5 delicious tuple tricks in #swiftlang

There are dozens of reasons to love Swift tuples. Here are five to get you started.

Tuplizing Declarations

Tuples can initialize a bunch of variables or constants at once. For example, here’s a typical set of variable declarations. This code creates several variables and establishes initial values for each.

var x = "XX"
var y = "YY"
var z = "ZZ"

When there’s an underlying semantic relationship between these items, consider placing them into a single line with semicolons. Yes, you can turn your nose up at this but a core relationship is emphasized by reordering the declarations into a one-line presentation.  Items are declared together because they have some kind of meaning together:

var x = "XX"; var y = "YY"; var z = "ZZ"

There are, of course, drawbacks. This presentation complicates any modifications you may later need to make to this group: whether inserting or removing variables, or changing their initial values. That’s a bad thing so reserve this approach to items where there is a long-standing logical reason to group.

In fact, you only want to join declarations when there’s some really compelling structural reason these items are grouped together, and you never want to do this with unrelated items. For example, this next snippet is an abomination against Cthulhu:

var myVariable = initialValue; var theta = 0.0; let radius = 6; var userName = "Bill"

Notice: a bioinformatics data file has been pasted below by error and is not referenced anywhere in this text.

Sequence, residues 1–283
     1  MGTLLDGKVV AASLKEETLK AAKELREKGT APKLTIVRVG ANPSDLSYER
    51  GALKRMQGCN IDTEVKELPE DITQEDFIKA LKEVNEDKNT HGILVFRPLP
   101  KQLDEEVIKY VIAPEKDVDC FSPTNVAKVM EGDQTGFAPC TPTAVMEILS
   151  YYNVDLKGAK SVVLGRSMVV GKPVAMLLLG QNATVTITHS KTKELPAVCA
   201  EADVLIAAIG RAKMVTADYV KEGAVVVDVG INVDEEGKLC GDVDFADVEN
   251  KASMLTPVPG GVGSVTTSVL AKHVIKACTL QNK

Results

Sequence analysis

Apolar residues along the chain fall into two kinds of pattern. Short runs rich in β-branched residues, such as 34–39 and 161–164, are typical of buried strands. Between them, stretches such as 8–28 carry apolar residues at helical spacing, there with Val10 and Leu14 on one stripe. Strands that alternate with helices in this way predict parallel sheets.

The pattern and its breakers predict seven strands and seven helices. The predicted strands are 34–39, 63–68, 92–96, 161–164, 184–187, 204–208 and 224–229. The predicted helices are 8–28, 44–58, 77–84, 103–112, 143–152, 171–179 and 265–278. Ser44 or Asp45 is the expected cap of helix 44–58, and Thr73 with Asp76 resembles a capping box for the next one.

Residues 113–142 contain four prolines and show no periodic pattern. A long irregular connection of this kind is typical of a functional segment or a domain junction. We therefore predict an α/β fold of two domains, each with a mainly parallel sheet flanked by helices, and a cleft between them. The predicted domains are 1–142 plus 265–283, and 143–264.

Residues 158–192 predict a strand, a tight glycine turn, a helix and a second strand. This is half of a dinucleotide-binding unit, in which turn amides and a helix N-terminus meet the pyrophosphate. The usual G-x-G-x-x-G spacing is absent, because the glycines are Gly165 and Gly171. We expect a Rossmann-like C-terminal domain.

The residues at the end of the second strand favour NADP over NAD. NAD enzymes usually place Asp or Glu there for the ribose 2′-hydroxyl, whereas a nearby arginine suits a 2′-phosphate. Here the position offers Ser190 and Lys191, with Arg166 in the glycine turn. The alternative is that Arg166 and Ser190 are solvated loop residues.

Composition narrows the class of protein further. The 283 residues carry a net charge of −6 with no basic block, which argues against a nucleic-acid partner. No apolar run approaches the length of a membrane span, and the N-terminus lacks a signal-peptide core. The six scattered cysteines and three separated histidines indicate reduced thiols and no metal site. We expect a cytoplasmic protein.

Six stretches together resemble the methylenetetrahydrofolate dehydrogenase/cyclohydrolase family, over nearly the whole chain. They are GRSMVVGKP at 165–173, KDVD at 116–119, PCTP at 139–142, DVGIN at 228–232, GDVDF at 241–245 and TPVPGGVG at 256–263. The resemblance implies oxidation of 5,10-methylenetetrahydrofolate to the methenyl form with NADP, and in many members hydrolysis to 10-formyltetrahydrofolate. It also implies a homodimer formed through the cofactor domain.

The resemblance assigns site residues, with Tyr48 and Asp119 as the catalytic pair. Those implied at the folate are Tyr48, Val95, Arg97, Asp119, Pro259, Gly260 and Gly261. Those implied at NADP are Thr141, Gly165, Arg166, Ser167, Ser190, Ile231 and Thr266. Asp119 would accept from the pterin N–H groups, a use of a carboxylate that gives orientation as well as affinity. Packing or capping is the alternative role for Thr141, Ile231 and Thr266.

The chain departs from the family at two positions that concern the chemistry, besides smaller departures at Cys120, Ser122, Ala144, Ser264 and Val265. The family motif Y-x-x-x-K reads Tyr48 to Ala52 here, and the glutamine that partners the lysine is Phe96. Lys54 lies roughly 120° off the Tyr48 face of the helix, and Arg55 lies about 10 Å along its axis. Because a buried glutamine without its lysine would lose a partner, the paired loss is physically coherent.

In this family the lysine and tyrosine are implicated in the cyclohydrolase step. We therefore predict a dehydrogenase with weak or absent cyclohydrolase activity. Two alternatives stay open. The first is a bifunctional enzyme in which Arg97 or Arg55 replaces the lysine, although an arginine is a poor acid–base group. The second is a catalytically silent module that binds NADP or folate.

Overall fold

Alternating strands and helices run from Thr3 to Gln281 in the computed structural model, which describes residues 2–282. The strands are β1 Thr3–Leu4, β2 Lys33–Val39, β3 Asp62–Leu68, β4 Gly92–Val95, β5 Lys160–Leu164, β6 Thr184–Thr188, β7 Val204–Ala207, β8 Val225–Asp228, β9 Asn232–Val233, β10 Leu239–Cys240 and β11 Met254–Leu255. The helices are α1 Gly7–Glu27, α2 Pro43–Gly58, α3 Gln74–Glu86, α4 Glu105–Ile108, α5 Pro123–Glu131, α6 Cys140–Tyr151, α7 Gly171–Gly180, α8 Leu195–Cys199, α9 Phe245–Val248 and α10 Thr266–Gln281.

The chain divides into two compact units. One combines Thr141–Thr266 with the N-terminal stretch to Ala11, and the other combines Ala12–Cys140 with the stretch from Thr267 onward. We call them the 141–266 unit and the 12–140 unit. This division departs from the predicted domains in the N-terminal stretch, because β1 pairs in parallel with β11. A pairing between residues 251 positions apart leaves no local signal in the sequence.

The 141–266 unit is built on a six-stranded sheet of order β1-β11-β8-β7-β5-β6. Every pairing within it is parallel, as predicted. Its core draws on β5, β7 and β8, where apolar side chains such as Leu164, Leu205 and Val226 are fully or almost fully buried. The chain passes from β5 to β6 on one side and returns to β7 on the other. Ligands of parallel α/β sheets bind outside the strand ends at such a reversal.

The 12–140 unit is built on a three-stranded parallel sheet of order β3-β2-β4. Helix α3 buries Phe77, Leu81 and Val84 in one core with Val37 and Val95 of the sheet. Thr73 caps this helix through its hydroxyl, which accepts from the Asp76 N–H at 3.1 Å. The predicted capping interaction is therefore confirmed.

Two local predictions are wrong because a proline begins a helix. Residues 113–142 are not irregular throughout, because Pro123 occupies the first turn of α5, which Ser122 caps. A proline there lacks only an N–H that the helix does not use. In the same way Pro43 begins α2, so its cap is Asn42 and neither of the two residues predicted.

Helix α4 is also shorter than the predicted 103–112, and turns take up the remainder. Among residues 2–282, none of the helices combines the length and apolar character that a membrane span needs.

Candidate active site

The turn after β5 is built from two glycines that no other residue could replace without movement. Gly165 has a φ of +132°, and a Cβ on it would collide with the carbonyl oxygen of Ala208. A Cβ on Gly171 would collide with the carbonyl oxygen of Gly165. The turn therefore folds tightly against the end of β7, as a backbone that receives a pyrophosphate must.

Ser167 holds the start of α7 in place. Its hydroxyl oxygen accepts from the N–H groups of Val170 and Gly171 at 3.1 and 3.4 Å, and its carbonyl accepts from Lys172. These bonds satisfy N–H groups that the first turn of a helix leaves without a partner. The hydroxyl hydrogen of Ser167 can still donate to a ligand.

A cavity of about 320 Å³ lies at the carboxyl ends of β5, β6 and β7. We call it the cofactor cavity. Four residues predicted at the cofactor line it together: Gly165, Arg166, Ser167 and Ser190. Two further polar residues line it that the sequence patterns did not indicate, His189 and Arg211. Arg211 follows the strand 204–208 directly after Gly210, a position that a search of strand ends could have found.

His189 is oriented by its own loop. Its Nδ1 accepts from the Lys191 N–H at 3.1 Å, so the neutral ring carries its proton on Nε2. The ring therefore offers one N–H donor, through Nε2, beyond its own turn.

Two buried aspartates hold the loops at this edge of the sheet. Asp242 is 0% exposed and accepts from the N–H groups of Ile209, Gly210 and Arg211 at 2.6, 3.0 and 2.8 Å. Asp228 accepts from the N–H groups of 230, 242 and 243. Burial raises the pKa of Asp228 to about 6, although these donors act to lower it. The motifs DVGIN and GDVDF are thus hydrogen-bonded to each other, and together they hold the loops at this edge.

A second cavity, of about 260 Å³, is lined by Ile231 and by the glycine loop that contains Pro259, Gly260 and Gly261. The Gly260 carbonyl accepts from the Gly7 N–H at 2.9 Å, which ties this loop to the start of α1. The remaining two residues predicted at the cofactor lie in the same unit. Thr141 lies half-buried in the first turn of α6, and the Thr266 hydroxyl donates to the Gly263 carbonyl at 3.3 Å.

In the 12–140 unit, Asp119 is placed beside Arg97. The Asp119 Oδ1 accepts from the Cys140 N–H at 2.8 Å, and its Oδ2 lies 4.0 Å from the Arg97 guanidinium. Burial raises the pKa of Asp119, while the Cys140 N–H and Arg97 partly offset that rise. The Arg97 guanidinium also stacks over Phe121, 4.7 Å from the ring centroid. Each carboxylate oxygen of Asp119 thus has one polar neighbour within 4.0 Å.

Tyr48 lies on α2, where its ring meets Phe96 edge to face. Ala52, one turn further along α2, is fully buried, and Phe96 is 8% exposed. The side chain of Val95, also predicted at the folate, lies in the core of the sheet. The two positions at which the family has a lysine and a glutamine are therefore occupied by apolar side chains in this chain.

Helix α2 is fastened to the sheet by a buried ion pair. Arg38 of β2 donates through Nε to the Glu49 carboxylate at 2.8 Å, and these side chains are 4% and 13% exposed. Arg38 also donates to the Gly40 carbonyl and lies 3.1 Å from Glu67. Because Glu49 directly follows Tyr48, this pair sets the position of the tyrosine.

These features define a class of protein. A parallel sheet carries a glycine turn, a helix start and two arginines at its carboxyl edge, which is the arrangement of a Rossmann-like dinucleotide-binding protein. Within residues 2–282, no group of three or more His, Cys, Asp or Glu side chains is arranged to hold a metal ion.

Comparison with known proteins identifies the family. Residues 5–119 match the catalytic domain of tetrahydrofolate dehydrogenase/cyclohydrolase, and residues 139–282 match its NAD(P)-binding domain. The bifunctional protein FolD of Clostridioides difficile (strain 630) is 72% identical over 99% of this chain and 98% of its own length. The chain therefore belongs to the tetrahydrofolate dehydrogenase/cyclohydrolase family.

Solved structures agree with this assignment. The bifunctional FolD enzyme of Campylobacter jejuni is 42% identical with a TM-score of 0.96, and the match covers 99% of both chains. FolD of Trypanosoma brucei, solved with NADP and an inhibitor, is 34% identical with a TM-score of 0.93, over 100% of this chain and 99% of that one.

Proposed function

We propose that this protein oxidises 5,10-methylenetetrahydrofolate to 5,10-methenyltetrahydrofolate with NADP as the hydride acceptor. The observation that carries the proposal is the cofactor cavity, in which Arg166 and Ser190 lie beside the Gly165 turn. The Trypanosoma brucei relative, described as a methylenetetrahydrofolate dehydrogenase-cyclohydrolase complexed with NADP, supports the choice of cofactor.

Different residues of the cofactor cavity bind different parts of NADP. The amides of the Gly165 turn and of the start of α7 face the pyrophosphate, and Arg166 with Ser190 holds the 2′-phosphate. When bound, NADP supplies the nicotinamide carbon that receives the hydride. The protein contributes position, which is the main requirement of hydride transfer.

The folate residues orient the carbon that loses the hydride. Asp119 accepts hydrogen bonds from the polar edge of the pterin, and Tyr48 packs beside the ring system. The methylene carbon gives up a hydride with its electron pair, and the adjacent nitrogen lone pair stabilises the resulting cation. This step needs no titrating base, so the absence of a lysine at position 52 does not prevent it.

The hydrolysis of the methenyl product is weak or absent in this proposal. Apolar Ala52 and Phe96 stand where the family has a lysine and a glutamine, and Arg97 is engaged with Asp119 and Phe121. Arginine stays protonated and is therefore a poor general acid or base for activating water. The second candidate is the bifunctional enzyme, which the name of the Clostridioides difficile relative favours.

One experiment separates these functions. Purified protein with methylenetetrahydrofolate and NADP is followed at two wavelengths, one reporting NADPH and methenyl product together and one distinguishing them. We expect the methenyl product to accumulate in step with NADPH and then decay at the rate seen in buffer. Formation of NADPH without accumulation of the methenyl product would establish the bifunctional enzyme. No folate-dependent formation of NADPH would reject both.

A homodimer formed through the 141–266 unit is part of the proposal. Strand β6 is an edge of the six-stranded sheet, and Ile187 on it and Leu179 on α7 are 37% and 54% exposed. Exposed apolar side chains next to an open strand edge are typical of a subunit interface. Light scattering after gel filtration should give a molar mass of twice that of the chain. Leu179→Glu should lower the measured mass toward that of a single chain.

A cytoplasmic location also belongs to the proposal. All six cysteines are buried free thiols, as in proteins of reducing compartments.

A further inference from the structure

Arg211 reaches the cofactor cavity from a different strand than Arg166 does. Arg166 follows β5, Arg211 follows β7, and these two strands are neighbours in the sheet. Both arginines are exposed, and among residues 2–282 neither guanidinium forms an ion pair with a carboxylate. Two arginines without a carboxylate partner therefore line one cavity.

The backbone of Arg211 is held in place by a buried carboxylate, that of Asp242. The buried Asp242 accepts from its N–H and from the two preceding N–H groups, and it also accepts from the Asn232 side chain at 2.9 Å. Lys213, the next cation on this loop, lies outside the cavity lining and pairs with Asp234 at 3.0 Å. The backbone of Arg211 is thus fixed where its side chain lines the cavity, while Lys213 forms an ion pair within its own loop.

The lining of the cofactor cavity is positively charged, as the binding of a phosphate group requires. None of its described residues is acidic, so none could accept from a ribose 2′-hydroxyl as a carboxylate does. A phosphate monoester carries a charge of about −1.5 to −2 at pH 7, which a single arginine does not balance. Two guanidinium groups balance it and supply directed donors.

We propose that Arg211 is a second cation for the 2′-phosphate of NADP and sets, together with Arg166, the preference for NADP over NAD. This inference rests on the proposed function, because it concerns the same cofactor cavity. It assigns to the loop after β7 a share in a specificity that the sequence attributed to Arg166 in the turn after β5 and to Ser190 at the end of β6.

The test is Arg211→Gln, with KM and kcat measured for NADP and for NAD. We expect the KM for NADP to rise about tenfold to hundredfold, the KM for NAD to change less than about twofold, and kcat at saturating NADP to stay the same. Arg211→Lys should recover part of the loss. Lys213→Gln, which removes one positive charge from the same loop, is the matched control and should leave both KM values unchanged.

Avoid this bad example:  you are a good person and a good coder, and don’t want Cthulhu to swallow your soul.

Instead, consider a case when there’s a true uniformity of intent. When such exists, you can ditch the semicolons and re-design your declarations to use a tuple, as in the following line of code.

var (w, x, y, z) = ("WW", "XX", "YY", "ZZ")

This line produces the same symbols as the four separate statement snippets you saw previously, but it does so using a simple parsimonious approach. If w, x, y, and z are related, why shouldn’t their declarations be related too?

Tuple declarations become slightly more complicated when the compiler cannot immediately infer typing. In such cases, add explicit typing. For example, 5.0 and 9.6 normally default to double values. You can force these to CGFloat like this:

var (px, py) = (5.0, 9.6) as (CGFloat, CGFloat)
// or
var (px, py): (CGFloat, CGFloat) = (5.0, 9.6)

Even with underlying relationships, avoid complicated declarations that use mixed types. These force you to cognitively match each variable or constant with a type and initial value. This next line is an example of what you don’t want to do: